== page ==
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Insurance status may impact on survival from malignant cardiac tumours


Authors: Mohamed Rahouma, Massimo Baudo, Shon Shmushkevich, David Chadow, Abdelrahman Mohamed, Mario Gaudino, Roberto Lorusso
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Cardiac neoplasms may develop as either a primary malignant disease or as metastases from an extra-cardiac location1. The incidence of cardiac malignancies is very low and only about 10% of primary cardiac tumours are malignant2. The most frequent benign cardiac tumour is myxoma, while the majority of primary malignant cardiac tumors (PMCTs) are sarcomas, consisting of various histological subtypes3. In general, an aggressive biological behaviour is typical of primary cardiac tumours4, and is associated with tumour size and location5. Survival outcomes remain poor even if detected early and aggressive surgical resection is the main primary curative option6,7. Survival is only around 10% at one year for tumours managed without surgery8,9. To date, the combination of surgery with systemic chemotherapy remains the best treatment for malignant cardiac tumours9. No consensus currently exists concerning the value of peri-operative chemotherapy and radiotherapy10,11,12. Palliative chemotherapy should be considered for patients with inoperable or metastatic disease.

In the current study we aimed to assess long-term overall survival (OS) differences based on insurance status in patients with malignant cardiac tumours using the National Cancer Database (NCDB). The NCDB is an oncology database that is sponsored by the American Cancer Society and the American College of Surgeons. We included data from the NCDB from 2004 to 2017. Overall survival and operative mortality were the primary and secondary outcomes, respectively.

Our study cohort included 699 patients that were stratified by insurance type: 412 (58.9%) had private insurance, 243 (34.8%) had governmental insurance and 44 (6.3%) were uninsured. Overall, operative mortality was 8.5%: 11.1% in the Uninsured, 2.6% in Medicaid, 13.9% in Medicare and 7% in Private Insurance/Managed Care groups, respectively (p=0.09). Histopathological details of the included patients can be seen in Table 1. Angiosarcoma, leiomyosarcoma and fibrosarcoma were the most prevalent variants in this cohort. Figure 1 describes the type of insurance over the considered timeframe. Private insurance/manages was always the most common form of insurance.

At univariable Cox regression those who had Medicaid showed a 28% mortality risk reduction (p=0.036) and those with private insurance had a 46% mortality risk reduction (p<0.001), suggesting a significantly better survival when compared to Medicare after median follow-up of 64.1 months. At multivariable Cox regression, higher comorbidity index showed a 92% increase in mortality risk (p<0.001), and angiosarcoma and cancer stage III/IV showed 33.8% and 34% increases in mortality risk (p=0.002 and p=0.003), respectively, while private insurance was associated with a 33% mortality risk reduction (p=0.002), year of diagnosis with a 4% mortality risk reduction in recent years (p<0.001), and surgery and chemotherapy with 57% and 40% mortality risk reduction (p<0.001 and p<0.001) respectively.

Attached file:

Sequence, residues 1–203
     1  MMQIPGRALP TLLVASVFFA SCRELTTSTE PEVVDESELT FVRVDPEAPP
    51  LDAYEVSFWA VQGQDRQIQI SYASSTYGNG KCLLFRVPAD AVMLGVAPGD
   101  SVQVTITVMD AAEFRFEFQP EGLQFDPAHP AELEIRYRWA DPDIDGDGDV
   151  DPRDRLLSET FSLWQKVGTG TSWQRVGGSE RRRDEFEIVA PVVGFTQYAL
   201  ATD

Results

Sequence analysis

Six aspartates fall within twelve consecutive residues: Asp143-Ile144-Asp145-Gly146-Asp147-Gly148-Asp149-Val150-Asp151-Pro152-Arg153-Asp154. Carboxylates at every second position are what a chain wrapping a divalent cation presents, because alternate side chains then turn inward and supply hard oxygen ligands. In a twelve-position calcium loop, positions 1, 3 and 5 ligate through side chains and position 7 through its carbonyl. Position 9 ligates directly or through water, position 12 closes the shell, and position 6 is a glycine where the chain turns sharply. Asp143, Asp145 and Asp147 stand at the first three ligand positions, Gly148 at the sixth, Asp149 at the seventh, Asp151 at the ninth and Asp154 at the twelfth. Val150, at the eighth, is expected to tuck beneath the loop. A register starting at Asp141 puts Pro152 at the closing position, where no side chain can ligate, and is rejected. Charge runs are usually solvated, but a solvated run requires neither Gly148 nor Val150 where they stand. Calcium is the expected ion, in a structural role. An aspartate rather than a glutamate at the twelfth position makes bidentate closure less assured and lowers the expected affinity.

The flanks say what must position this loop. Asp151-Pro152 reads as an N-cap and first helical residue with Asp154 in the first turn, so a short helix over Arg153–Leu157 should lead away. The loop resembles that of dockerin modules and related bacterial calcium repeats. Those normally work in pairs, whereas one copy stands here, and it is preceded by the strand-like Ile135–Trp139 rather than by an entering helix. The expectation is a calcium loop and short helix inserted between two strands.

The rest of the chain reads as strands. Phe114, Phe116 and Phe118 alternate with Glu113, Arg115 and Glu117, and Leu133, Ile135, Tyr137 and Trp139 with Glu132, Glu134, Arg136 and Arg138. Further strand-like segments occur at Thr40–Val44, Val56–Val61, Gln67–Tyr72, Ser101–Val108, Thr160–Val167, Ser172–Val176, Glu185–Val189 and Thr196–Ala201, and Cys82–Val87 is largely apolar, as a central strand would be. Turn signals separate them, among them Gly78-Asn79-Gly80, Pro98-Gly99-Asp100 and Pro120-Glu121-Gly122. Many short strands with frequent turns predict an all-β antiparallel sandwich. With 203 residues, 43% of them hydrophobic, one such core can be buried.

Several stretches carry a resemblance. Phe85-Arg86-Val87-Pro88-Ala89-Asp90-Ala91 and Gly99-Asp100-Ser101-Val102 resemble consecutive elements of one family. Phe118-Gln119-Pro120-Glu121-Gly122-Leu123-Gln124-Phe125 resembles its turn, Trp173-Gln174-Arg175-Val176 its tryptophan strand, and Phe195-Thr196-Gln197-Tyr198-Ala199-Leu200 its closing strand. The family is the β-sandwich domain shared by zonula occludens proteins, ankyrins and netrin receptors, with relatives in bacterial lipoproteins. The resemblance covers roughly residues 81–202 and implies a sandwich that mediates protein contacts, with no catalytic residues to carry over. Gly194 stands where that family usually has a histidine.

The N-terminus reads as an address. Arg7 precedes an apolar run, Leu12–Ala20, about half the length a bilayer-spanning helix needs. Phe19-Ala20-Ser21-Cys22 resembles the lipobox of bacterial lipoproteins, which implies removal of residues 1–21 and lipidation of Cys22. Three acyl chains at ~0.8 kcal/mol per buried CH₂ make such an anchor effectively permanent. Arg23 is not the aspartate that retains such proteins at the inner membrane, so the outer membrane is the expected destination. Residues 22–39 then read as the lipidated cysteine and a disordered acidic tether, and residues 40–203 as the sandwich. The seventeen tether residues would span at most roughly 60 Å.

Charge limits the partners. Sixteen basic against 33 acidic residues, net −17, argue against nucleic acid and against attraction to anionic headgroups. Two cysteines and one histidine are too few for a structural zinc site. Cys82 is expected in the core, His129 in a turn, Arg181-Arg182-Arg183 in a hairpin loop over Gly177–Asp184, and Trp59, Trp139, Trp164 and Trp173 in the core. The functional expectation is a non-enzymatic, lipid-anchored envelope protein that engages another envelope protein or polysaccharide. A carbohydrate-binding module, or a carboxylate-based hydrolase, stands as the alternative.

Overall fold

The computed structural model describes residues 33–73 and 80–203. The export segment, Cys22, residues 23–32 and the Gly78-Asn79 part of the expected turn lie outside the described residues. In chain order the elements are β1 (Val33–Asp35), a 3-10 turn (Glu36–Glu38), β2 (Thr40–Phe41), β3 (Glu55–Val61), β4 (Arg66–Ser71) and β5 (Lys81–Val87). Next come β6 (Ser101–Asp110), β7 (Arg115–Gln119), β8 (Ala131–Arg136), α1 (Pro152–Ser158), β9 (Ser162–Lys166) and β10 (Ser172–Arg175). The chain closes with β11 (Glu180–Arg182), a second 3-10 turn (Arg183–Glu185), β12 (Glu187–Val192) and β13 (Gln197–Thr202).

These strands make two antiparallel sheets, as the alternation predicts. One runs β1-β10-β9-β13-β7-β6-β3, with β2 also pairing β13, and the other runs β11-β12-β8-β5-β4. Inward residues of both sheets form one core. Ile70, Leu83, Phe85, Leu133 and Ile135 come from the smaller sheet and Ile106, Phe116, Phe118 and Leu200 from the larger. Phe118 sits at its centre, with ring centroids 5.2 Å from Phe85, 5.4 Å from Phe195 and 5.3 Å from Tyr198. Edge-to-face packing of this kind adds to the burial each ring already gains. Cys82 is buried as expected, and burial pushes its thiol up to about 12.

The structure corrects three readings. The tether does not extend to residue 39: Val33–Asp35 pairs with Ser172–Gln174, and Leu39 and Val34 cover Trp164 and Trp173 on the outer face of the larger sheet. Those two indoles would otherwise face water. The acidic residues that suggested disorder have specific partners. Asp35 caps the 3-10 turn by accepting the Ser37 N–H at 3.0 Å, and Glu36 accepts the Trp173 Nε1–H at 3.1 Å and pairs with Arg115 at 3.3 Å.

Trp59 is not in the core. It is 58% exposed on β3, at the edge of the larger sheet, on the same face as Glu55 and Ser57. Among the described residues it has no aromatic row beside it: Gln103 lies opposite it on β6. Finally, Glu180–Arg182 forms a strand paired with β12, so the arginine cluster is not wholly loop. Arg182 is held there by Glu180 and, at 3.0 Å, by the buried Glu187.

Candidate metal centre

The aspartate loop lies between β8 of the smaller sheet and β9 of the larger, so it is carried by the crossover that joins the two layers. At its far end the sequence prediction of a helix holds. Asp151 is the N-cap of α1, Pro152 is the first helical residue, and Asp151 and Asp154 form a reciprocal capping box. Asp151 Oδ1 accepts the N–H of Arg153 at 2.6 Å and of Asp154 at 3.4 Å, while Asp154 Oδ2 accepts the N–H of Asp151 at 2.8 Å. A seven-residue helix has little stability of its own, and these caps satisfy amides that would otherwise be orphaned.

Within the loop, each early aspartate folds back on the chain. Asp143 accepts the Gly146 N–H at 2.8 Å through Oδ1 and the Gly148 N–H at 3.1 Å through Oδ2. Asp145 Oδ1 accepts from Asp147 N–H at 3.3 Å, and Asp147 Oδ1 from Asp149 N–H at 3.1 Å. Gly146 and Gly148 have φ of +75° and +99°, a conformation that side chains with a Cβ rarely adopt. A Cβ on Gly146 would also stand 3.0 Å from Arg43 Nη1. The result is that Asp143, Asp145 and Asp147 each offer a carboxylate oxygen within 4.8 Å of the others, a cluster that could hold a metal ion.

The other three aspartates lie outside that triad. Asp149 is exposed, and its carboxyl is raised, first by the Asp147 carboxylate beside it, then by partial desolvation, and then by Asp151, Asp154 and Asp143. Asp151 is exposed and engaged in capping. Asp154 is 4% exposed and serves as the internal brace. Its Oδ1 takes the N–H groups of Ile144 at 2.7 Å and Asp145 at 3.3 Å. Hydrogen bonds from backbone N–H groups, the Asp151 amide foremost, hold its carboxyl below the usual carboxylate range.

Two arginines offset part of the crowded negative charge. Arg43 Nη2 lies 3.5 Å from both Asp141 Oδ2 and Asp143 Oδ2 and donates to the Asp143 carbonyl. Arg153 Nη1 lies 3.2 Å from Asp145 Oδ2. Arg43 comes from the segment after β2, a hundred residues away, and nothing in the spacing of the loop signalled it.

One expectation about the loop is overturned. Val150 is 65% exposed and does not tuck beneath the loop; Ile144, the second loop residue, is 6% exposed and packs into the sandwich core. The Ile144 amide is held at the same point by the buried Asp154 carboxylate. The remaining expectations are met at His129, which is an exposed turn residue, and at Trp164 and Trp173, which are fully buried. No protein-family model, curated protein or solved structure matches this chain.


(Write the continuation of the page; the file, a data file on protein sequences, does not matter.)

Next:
The main limitation of the study lies in the possibility of unknown confounders bias due to its retrospective nature.

Presenting symptoms were not analyzed. However, a recent meta-analysis2 showed that the most commonly presenting symptom in patients affected by cardiac tumours was dyspnoea. A previous study also reported heart failure as the most frequent symptom13. Over 60% of the current patient population underwent surgery, which has been established as the most effective treatment for PMCTs3. Sarcomas are not highly radiosensitive and this may explain the fact that less than 20% of our cohort received radiation therapy14. Most of the present literature is composed of limited single-centre studies, excluding the large national databases, confirming the rarity of data regarding this topic. Hence, more consistent data are warranted and essential in understanding the clinical evolution of this disease.

A recent study15 reported a significant increase in early mortality following cardiac valve surgery in uninsured, Medicaid and Medicare patients compared with patients with private insurance. Opposing opinions exist regarding the influence of insurance status on different outcomes among various cancers16. Another series reported that short-term mortality was affected by insurance status in major surgical operations17, however in patients with cardiac tumors this difference was not statistically significant.

In conclusion, this study provides increased awareness of insurance status survival disparity among patients with PMCTs, however further studies are warranted to explore in depth this association.

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